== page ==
Statewide Right to Counsel Frequently Asked Questions

Why do we need Right to Counsel outside of NYC?

Like tenants in NYC, tenants living in the rest of the state suffer from a devastating eviction crisis, facilitated by unacceptably low rates of representation in housing court. In 2019, landlords sued an average of 1 out of every 8 tenant households in the largest cities in the state outside of NYC.

As of early 2023, there are nearly 180,000 active eviction cases across the state, and in 2022, city and district courts alone issued nearly 42,000 warrants of eviction, with Erie County seeing the second highest rate after Brooklyn; and Nassau, Suffolk and Westchester Counties experiencing some of the next highest rates of eviction.

The lack of RTC is a main driver of the eviction crisis. In some places across the state, tenants have essentially no access to counsel. In Albany, for example, only about 1.3% of tenants have an attorney in eviction court, compared to 92-94% of landlords. In other places across the state where tenants have greater access to counsel, legal services providers are experiencing unmanageably high caseloads that impact tenants’ experience and outcomes, and that push attorneys out of the housing law practice. In Erie County, some attorneys handle anywhere from 500-700 cases per year, when an ideal caseload would be approximately 40 open and active cases per attorney at any one time.

With the passage of Statewide RTC, 46,600 tenant households outside NYC will receive legal representation. Tenants will have representation not only when their landlord sues them, but when they want to sue their landlords–pushing courts outside of NYC to enforce tenants’ rights to dignified, healthy and safe homes.

The Governor allocated $35 million in last year’s budget for upstate legal eviction defense–isn’t this enough?

This funding builds towards a comprehensive housing legal services system in New York State. But it isn’t nearly enough. Statewide RTC does much more than any piecemeal funding could do. It will: 

  • establish a universal right to free and full legal representation for New Yorkers facing eviction. Rights are permanent, they change the behavior of landlords and the practices of courts, and they create space for tenants to organize and fight to stay in their homes,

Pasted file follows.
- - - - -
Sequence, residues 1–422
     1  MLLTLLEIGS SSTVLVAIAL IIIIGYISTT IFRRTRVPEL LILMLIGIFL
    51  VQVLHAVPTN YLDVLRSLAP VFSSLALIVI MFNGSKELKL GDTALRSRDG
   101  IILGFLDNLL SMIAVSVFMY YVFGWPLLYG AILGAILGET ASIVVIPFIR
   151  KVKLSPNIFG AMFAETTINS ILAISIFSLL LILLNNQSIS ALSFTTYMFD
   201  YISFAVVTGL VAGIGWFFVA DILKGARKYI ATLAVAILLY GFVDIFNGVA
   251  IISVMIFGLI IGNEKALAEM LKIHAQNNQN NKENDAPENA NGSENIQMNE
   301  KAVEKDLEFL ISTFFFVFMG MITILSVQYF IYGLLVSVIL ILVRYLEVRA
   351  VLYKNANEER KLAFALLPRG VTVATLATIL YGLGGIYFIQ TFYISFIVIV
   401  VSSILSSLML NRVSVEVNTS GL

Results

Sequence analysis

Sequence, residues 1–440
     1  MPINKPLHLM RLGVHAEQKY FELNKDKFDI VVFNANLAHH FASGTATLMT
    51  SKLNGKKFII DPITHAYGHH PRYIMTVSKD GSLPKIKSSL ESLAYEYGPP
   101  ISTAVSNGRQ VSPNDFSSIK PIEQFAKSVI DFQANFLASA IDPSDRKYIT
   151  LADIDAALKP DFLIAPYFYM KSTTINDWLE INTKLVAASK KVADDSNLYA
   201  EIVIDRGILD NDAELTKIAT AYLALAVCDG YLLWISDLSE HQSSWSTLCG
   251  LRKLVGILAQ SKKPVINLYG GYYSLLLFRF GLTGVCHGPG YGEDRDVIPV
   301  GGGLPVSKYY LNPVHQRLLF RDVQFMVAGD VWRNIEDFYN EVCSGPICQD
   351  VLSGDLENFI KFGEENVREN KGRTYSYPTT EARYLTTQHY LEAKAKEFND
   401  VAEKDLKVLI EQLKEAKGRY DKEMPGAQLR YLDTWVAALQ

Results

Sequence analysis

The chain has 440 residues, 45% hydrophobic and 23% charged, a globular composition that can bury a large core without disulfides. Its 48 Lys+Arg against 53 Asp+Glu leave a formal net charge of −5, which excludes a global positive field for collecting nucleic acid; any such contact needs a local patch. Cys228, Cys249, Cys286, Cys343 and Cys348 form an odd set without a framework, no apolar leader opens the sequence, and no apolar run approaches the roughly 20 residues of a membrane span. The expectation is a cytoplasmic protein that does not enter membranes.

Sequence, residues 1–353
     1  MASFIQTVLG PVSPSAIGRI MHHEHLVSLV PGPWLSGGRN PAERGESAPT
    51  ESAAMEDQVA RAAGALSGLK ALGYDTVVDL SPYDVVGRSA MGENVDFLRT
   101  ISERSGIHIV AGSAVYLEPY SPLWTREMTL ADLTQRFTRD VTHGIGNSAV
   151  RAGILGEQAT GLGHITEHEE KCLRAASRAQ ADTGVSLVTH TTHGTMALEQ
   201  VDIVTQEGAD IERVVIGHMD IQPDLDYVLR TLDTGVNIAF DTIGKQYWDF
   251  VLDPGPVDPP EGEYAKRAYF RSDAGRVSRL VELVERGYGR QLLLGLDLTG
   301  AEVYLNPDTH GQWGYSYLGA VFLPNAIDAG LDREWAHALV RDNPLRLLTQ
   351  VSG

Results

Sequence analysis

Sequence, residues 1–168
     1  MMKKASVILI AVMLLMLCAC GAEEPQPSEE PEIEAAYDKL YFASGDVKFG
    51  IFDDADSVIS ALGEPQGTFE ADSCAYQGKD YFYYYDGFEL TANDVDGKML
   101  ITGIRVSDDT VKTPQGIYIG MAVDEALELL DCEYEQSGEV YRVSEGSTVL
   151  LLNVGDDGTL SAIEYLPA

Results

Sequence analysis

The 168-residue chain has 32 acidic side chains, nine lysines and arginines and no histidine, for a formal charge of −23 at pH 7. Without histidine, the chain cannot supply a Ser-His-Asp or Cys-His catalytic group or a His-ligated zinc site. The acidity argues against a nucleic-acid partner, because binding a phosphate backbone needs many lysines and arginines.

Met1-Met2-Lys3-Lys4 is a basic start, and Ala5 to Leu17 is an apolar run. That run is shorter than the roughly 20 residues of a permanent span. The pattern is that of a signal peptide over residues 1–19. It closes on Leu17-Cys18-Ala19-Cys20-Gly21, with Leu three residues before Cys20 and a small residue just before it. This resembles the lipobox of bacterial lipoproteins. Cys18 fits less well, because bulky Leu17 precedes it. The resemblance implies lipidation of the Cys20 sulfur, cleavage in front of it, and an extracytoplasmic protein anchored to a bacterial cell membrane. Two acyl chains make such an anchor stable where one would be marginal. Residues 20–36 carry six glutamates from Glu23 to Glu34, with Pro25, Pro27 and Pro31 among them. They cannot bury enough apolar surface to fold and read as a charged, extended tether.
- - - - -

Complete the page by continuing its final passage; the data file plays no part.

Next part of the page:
• mandate that courts uphold tenants’ rights, ensuring that tenants know about their RTC, have the resources to connect to an attorney, and adjourn cases until tenants have had time to do so. 
  • create a Right to Counsel for cases that are almost never covered by existing services: illegal lock-outs, instances of retaliation, harassment and neglect of repairs on the part of landlords, subsidy terminations and more, and
  • support vital tenant organizing which will ensure tenants know about and can fight for their rights. With almost no resources for community organizing across the state, countless tenants remain unaware of their rights; and those that do frequently face retaliation from landlords when they organize to assert those rights.
What about small landlords? How will Right to Counsel impact them?

A 2022 report from JPMorgan Chase found that landlords in New York City, as well as other major American cities, made MORE MONEY – in some cases, dramatically – during the pandemic, as they cut their expenses to account for declining revenue. Meanwhile, working class and poor tenants struggled to stay afloat. 

In addition to the disproportionate challenges tenants face compared to owners (even small landlords), analysis shows that small landlords will be less impacted by RTC than large landlords. Analysis by showed that the typical rent–paying New Yorker has a large landlord, and that larger landlords evict more tenants, and at higher rates, compared to small landlords.

Small landlords who are homeowners facing foreclosure may benefit from Right to Counsel. Language in the legislation is broad enough to cover homeowners in distress, but our movement needs the support of organized homeowners if our enacted legislation is to provide these protections in practice! Get in touch if you are a homeowner hoping to support the Right to Counsel movement.

Are there enough lawyers to guarantee that everyone who needs a Right to Counsel lawyer has one? 

Statewide Right to Counsel will mandate the courts honor and enforce Right to Counsel: the bill requires that courts notify tenants of their RTC, give them the info they need to reach an attorney, and  adjourn cases until they’ve been able to connect with one. RTC will mandate the courts uphold Right to Counsel and match the pace that cases move forward to attorney capacity. You can read more about how Statewide Right to Counsel addresses issues of attorney capacity here.

The Statewide RTC bill also accounts for the time that legal services providers will need to  hire, train, and support the new attorneys, paralegals, and support staff and gives the state time to coordinate with the courts to implement the new right. Statewide RTC legislation will allow the state to phase in the right over a period of five years. Furthermore, in our coalition’s FY 2024 Budget Proposal, we demanded that the state allocate $12 million to support providers in hiring and training new talent in housing practice. This money could fund law school clinics, summer fellowships, and other methods of attracting attorneys to New York’s civil law practices.

We also created a tenant-attorney pipeline working group within our coalition, which has focused on building a cohort of highly qualified and effective lawyers and supervisors to implement RTC. To do this, we have been promoting greater attention to housing rights advocacy in law school instruction and changing attitudes in law schools so that becoming a housing rights advocate is seen as an exciting, transformative and desirable career choice. Once RTC passes at the state level, these efforts could be replicated and expanded statewide